A busy week in space.
This morning there will be a spacewalk outside the International Space Station to install a new docking port delivered on a previous cargo mission by the SpaceX Dragon cargo ship.
The new port is necessary for the Americans to send astronauts to the station from their own soil, something that has not happened since the end of the Space Shuttle program.
The EVA begins at 12:05 UTC with coverage starting at 10:30 UTC. Below you should find a live stream so you can follow along.
How fluids behave in space. Space Coffee Cup and Capillary Flow Driven Fluids in space.
Pretty cool, two cargo ships, Progress and Dragon, in orbit at the same time en route to the ISS.
After the docking the new crew – Expedition 48-49 Soyuz Commander Anatoly Ivanishin of Roscosmos and Flight Engineers Kate Rubins of NASA and Takuya Onishi of JAXA are welcomed aboard the ISS by station Commander Jeff Williams of NASA, and Flight Engineers Alexey Ovchinin and Oleg Skripochka of Roscosmos:
The flight to the station was a big success for the new Soyuz MS-01 spacecraft – congrats!
In case you missed it here is an interview with Tim Peake’s the day after his return to Earth.
Noctilucent clouds are beautiful and strange at the same time. You can indeed see them from the ground and are a welcome site.
This image was taken on 29 May 2016 by Tim Peake aboard the ISS:
The NASA Image of the Day caption:
Expedition 47 Flight Engineer Tim Peake of the European Space Agency photographed rare, high-altitude noctilucent or “night shining” clouds from the International Space Station on May 29, 2016.
Polar mesospheric clouds — also known as noctilucent clouds – form between 76 to 85 kilometers (47 to 53 miles) above the Earth’s surface, near the boundary of the mesosphere and thermosphere, a region known as the mesopause. At these altitudes, water vapor can freeze into clouds of ice crystals. When the sun is below the horizon and the ground is in darkness, these high clouds may still be illuminated, lending them their ethereal, “night shining” qualities.
In the late spring and summer, unusual clouds form high in the atmosphere above the polar regions of the world. As the lower atmosphere warms, the upper atmosphere gets cooler, and ice crystals form on meteor dust and other particles high in the sky. The result is noctilucent or “night-shining” clouds — electric blue wisps that grow on the edge of space. Polar mesospheric clouds can be observed from both the Earth’s surface and in orbit by astronauts aboard the International Space Station.
Image Credit: ESA/NASA
This is a remarkable image! I have tried on numerous occasions to get an image of the International Space Station as it passes over the disk of the Sun, something always goes wrong. It is a VERY difficult endeavor with so many variables.
Then there is a master at the craft of astrophotography: Thierry Legault. Not only did he capture the ISS, he did it during the transit of Mercury!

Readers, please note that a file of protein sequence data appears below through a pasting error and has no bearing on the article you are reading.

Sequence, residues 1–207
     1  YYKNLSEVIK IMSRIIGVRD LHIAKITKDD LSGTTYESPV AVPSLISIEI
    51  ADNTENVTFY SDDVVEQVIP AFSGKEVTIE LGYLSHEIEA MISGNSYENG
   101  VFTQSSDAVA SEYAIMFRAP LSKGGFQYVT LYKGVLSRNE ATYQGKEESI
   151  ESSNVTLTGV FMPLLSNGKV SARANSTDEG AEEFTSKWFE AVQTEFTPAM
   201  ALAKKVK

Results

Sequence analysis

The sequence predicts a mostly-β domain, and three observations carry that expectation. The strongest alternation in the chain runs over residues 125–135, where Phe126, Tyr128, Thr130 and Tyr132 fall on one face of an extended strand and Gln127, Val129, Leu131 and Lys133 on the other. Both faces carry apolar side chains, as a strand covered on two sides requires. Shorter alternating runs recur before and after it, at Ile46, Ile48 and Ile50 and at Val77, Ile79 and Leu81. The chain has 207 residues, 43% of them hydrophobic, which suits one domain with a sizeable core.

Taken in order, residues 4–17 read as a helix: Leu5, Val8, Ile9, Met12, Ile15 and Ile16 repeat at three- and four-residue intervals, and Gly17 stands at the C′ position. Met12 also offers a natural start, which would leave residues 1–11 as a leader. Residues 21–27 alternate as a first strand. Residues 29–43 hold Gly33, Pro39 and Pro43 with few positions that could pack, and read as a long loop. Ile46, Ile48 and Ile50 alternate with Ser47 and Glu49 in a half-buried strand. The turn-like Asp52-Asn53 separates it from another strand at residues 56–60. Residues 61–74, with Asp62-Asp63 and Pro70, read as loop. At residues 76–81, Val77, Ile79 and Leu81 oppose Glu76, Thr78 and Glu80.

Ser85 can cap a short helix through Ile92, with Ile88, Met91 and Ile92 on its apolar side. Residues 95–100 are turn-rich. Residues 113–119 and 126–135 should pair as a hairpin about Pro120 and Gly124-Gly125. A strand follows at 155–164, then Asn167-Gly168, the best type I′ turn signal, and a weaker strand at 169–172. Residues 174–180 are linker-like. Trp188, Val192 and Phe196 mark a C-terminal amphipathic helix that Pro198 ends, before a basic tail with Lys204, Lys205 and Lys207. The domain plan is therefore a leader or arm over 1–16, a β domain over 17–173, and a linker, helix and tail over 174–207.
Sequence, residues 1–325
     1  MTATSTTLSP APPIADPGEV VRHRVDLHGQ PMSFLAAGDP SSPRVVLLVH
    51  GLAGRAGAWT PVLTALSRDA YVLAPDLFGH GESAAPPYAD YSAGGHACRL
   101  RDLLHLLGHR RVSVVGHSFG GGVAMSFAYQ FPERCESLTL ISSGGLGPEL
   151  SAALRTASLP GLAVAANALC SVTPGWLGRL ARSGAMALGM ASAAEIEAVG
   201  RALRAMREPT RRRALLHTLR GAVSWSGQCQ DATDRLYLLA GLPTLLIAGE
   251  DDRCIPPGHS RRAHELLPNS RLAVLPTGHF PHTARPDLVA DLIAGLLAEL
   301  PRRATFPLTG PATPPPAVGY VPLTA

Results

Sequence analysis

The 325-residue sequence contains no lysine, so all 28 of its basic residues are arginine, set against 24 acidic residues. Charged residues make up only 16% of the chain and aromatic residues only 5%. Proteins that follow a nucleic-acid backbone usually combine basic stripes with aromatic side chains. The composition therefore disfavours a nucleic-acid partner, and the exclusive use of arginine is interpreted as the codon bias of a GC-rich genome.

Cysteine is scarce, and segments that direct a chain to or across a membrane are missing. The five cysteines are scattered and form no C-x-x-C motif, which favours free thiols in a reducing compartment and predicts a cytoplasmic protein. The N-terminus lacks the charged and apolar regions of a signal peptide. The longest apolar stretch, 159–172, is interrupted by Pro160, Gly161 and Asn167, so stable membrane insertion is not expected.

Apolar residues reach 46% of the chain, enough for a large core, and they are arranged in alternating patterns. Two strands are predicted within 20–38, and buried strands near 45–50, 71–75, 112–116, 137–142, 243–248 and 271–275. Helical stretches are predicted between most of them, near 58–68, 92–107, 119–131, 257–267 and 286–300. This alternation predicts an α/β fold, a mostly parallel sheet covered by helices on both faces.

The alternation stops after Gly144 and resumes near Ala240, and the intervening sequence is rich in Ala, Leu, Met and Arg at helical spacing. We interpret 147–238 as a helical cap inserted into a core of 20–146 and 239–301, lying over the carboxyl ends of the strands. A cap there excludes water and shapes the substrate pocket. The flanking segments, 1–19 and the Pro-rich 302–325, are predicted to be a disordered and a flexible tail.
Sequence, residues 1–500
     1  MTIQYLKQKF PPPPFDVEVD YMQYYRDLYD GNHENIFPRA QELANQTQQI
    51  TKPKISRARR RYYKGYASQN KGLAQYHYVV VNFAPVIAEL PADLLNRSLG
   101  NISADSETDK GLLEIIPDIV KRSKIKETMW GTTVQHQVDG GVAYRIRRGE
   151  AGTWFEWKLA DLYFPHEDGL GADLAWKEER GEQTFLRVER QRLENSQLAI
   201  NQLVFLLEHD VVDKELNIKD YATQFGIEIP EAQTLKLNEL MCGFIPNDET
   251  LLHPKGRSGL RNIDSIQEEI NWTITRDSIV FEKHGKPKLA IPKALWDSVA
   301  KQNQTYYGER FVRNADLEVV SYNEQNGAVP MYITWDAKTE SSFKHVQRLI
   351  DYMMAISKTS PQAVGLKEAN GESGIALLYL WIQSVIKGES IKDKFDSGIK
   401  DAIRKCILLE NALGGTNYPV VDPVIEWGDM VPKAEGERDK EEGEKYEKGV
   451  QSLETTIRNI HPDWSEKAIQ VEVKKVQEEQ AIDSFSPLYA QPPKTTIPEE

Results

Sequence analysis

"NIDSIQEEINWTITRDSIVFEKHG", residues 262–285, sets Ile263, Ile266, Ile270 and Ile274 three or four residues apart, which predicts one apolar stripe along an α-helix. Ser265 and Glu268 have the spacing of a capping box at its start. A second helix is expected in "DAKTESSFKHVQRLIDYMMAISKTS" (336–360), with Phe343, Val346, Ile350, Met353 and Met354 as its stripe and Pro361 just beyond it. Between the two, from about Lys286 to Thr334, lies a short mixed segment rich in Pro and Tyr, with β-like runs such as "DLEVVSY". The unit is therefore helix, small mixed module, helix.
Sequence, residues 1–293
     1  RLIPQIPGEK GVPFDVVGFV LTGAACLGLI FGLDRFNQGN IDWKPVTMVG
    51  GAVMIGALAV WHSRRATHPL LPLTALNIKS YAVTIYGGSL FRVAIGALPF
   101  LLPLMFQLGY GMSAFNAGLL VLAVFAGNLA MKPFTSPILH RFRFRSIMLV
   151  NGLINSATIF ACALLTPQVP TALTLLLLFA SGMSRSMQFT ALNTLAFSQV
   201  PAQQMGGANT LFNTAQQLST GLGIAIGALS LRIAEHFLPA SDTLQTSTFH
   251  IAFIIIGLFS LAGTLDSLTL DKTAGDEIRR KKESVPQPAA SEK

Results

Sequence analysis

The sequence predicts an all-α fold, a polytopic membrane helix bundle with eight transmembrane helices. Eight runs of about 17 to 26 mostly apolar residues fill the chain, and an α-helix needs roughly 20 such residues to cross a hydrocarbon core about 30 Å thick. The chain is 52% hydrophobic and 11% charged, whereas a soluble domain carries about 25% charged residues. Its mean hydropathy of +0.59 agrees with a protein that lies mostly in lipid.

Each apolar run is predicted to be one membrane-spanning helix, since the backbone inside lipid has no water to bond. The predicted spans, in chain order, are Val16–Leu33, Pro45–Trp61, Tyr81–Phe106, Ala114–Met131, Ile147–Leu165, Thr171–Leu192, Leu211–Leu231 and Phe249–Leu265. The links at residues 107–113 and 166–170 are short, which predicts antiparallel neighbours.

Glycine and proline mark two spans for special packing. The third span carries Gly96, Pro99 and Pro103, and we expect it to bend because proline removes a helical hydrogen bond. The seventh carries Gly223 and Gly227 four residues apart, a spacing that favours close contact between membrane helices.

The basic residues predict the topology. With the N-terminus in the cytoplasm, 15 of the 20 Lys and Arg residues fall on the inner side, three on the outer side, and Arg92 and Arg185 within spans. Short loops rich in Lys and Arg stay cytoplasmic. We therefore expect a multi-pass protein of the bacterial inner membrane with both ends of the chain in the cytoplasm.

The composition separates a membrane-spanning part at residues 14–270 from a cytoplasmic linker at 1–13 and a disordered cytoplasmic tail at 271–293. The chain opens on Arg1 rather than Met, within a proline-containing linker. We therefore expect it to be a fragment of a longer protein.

This from ESA (be sure to watch the video linked below):
On 9 May Mercury passed in front of the Sun as seen from Earth. These transits of Mercury occur only around 13 times every century, so astronomers all over Earth were eager to capture the event.
For astrophotographer Thierry Legault, capturing Mercury and the Sun alone was not enough, however – he wanted the International Space Station in the frame as well.
To catch the Station passing across the Sun, you need to set up your equipment within a ground track less than 3 km wide. For Thierry, this meant flying to the USA from his home near Paris, France.
On 9 May there were three possible areas to capture the Station and Mercury at the same time against the solar disc: Quebec, Canada, the Great Lakes and Florida, USA.
Choosing the right spot took considerable effort, says Thierry: “Canada had bad weather predicted and around Florida I couldn’t find a suitably quiet but public place, so I went to the suburbs of Philadelphia.”
With 45 kg of equipment, Thierry flew to New York and drove two hours to Philadelphia to scout the best spot. Even then, all the preparations and intercontinental travel could have been for nothing because the Station crosses the Sun in less than a second and any clouds could have ruined the shot.
“I was very lucky: 10 minutes after I took the photos, clouds covered the sky,” says a relieved Thierry.
“Adrenaline flows in the moments before the Station flies by – it is a one-shot chance. I cannot ask the space agencies to turn around so I can try again. Anything can happen.”
The hard work and luck paid off. The image here includes frames superimposed on each other to show the Station’s path. Mercury appears as a black dot at bottom-centre of the Sun.
For Thierry, the preparation and the hunt for the perfect shot is the best part.
“Astrophotography is my hobby that I spend many hours on, but even without a camera I encourage everybody to look up at the night sky. The International Space Station can be seen quite often and there are many more things to see. It is just a case of looking up at the right time.”
Visit Thierry’s homepage here: http://www.astrophoto.fr/
Image and caption: Thierry Legault and ESA
The Bigelow Expandable Activity Module or BEAM was inflated this week. The very first human-rated space structure of its kind!